The algorithm implemented into existing open source libraries was applied to two applications presented in this study, a fairly simple wing-body-stabilizer configuration typical for a tran- sonic transport aircraft (CRM) and a rather complex, detailed geometry of a delta wing fighter prototype (F-16XL). RANS solutions converged to engineering accuracy are found to yield solutions in close agreement with meshes produced by a well established grid generator for the EDGE flow solver provided that comparable resolutions are used for both the prismatic layer and the tetrahedral domain.

    When comparing mesh generation timings, an interesting observation was made. For the common situation where parallel CFD solutions are performed on a compute cluster, the analyst may be evaluating post-processed results of a simulation based on a mesh created with the method presented in this paper before a serial advancing front mesh generation has even been completed.

    Obviously, this does not mean that there is no need for high-quality advancing-front mesh generation tools. A substantial proportion of relevant geometries and flight conditions likely require more detailed control over mesh generation parameters than is available in a hybrid Delaunay method. However, for routine solutions where serial mesh generation time is a bottleneck, the libraries including the present method can be used to accelerate the turnaround time considerably.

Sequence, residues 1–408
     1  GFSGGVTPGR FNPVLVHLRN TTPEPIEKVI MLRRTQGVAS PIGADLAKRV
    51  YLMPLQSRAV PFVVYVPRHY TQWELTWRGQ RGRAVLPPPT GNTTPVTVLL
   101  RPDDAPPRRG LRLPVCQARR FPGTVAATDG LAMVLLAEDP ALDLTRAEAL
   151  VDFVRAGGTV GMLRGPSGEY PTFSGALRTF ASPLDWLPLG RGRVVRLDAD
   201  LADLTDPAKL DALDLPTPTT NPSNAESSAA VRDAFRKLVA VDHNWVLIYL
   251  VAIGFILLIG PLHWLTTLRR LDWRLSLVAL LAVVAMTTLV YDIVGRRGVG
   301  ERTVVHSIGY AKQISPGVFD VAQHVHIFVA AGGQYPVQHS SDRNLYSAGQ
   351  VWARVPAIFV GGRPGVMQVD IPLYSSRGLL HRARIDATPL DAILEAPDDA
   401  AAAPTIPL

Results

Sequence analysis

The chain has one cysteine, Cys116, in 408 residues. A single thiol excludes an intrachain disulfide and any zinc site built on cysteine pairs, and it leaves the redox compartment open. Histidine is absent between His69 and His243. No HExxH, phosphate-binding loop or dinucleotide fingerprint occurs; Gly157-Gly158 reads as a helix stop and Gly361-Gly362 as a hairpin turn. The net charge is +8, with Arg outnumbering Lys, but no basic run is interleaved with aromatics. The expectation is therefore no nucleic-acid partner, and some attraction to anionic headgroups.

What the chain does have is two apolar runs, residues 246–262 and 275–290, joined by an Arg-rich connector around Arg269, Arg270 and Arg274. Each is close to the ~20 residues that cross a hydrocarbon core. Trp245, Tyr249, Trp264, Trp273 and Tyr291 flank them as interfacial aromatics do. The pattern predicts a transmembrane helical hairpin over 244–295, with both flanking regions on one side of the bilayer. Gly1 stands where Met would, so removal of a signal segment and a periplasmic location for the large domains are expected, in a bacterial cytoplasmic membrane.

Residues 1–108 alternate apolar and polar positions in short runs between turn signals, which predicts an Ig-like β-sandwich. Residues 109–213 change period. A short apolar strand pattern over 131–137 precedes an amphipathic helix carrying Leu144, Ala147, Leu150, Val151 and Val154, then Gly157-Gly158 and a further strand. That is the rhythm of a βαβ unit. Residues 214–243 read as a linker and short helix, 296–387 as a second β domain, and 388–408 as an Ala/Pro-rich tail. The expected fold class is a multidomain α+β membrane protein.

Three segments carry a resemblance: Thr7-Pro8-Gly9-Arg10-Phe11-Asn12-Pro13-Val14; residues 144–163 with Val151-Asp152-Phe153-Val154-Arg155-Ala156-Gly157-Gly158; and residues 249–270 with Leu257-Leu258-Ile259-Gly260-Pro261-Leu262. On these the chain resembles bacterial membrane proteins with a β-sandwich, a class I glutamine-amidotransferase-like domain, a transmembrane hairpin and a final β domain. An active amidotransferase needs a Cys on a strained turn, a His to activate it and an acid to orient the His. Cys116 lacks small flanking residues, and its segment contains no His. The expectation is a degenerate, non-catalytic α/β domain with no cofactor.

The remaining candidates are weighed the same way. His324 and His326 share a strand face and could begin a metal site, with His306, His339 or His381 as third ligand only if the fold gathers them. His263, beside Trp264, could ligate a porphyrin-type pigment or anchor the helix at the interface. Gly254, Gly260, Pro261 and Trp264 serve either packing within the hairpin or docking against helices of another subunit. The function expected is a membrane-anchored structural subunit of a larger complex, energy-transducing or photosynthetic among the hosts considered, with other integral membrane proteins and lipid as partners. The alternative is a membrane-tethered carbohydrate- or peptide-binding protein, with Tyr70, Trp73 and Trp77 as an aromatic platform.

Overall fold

• 31.
    Tomac, Maximillian
    et al.
    KTH, School of Engineering Sciences (SCI), Aeronautical and Vehicle Engineering.
    Eller, David
    KTH, School of Engineering Sciences (SCI), Aeronautical and Vehicle Engineering.
    Towards automated hybrid-prismatic mesh generation2014In: Procedia Engineering, 2014, no C, p. 377-389Conference paper (Refereed)
    Abstract [en]

    An open-source implementation of an efficient mesh generation procedure for hybrid prismatic-tetrahedral meshes intended for use in Reynolds-averaged Navier-Stokes solutions is presented. The method employed combines the established, and very fast, Delaunay-based tetrahedral mesh generator TetGen with a novel technique for the creation of a prismatic layer. Satisfactory mesh quality is demonstrated by comparing solutions obtained using the new meshes with reference data computed on advancing-front grids. Mesh generation time is shown to be substantially less than with some other methods. Overall, the presented implementation is deemed a valuable tool for cases where many meshes need to be generated for routine analyses and turnaround time is critical. © 2014 The Authors.